Earlier this month, I wrote about a new study penned by former industry regulator and economist Richard Thanki, which proposed that unlicensed technologies like Wi-Fi no longer be viewed as just supplemental to 3G and 4G mobile broadband networks. Instead he proposed they become the core focus of carrier mobile data networks.
The post generated a lot of discussion on GigaOM and at the Center for Internet and Society conference that followed, building on Wi-Fi’s growing popularity as a mobile offload technology. But the CEO of the world’s largest mobile infrastructure maker Ericsson thinks that Wi-Fi’s biggest boosters might be viewing the problem of mobile bandwidth through the rose-colored glasses of the first world. In an interview, Ericsson’s Hans Vestberg told GigaOM that Wi-Fi has a big role to play in the future of networks, but it can’t be the end-all of mobile broadband.
“There are few countries in the world that have that luxury,” Vestberg said, referring to the density of Wi-Fi in developed markets. “In the U.S., we’ve built up a very strong infrastructure where not just Wi-Fi is strong but also cable broadband.”
That cable penetration is key because ultimately those cheap last-mile links provide the capacity any large-scale Wi-Fi deployment requires, Vestberg said. And while cheap residential and business broadband is common place in North America, parts of Asia, and – to a lesser extent – Europe; in many developing markets mobile broadband from new 3G networks is the only broadband most people have access to.
Even in developed markets, Wi-Fi can’t supplant cellular, Vestberg said. “If it was possible it already would have happened,” Vestberg said. Wi-Fi only devices like Apple’s iPod Touch have been on the market for years, but they haven’t made a dent in smartphone – or even iPhone – sales. Wi-Fi-only tablet sales may surpass those of 3G/4G-connected slates, but the tablet has by no means replaced the smartphone as consumer’s primary mobile data device. Issues of coverage, interference and security prevent Wi-Fi from usurping cellular’s role even in the most Wi-Fi-plentiful countries.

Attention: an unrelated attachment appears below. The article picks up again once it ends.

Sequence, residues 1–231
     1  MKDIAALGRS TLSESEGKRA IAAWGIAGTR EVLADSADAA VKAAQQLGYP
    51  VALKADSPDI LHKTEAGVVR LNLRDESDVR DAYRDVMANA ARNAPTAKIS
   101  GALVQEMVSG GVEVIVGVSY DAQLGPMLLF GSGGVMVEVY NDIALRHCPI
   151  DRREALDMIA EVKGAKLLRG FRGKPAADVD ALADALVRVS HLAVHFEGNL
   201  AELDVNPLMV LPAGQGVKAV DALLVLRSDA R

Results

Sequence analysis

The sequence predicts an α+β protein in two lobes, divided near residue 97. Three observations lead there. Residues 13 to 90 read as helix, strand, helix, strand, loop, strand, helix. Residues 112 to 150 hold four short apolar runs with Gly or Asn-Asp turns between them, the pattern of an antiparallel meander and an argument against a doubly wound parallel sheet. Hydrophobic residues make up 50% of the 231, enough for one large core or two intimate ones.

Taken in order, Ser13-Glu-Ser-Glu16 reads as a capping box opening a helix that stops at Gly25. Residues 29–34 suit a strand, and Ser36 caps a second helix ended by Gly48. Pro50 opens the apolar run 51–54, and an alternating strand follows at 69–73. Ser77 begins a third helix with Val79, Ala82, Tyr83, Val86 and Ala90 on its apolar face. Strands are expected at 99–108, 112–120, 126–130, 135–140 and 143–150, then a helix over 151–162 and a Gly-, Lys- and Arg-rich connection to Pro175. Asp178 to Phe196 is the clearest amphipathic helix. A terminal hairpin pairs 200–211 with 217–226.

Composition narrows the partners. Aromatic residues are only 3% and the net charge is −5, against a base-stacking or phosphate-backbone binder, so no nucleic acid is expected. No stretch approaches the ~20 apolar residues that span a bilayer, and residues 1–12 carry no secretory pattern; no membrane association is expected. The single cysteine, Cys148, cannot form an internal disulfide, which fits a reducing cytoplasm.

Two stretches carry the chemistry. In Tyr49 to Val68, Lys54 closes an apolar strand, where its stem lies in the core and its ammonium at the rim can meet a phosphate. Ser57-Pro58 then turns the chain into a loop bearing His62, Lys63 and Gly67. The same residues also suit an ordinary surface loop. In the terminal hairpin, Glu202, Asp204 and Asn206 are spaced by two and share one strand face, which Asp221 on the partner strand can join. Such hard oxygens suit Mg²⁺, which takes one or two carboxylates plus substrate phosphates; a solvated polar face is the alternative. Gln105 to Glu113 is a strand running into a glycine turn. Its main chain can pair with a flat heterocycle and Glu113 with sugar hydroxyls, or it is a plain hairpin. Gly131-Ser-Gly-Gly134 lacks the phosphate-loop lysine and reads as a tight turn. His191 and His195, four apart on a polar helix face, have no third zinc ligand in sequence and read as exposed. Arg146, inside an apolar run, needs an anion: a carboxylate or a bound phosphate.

As a manufacturer or highly specialized cellular equipment, you would expect Ericsson to have a dimmer view of Wi-Fi — a much cheaper technology with a much broader range of equipment vendors. But Ericsson is among the most pro-Wi-Fi vendors of its peers. While every major mobile equipment maker has included Wi-Fi in some form in their network portfolios, Ericsson has taken the additional step of buying BelAir Networks, a specialist on outdoor carrier-grade Wi-Fi gear.
Vestberg said that Ericsson is bullish that Wi-Fi will eventually add enormous quantities of capacity to mobile networks, but he said that Wi-Fi will only be one component among many in a future mobile architecture called the heterogeneous network, or HetNet (a topic Vestberg discussed in length in a previous interview with GigaOM).
Today Wi-Fi is being used to create the first small cell networks, where a dense layer of access points is used to add capacity in the most high-traffic areas. Eventually, though, small cells using carrier’s licensed airwaves will assume much of the Wi-Fi’s capacity load, Vestberg said. Wi-Fi will by no means disappear, he added, but our future devices will have multiple connections to chose from and will even be able to connect to multiple networks simultaneously.
Whether Vestberg’s more cautious view of Wi-Fi proves true, there’s no doubt Wi-Fi is growing astronomically as carriers look to relieve their cellular networks and consumers look to avoid expensive mobile data fees. Carriers like Iliad’s Free Mobile in France and Republic Wireless in the U.S. are making Wi-Fi offload a key component of their mobile data strategies (and offering dirt cheap rates in the process). Wi-Fi access point and hotspot aggregators like Boingo, Fon and Devicescape are seeing their businesses rejuvenated by the smartphone and carrier partnerships. Some operators like AT&T and Japan’s KDDI are investing heavily in their own Wi-Fi infrastructure.
Wi-Fi is here to stay. It’s just a question of whether it and other unlicensed spectrum technologies will supplant cellular in our mobile devices, rather than merely enhance it.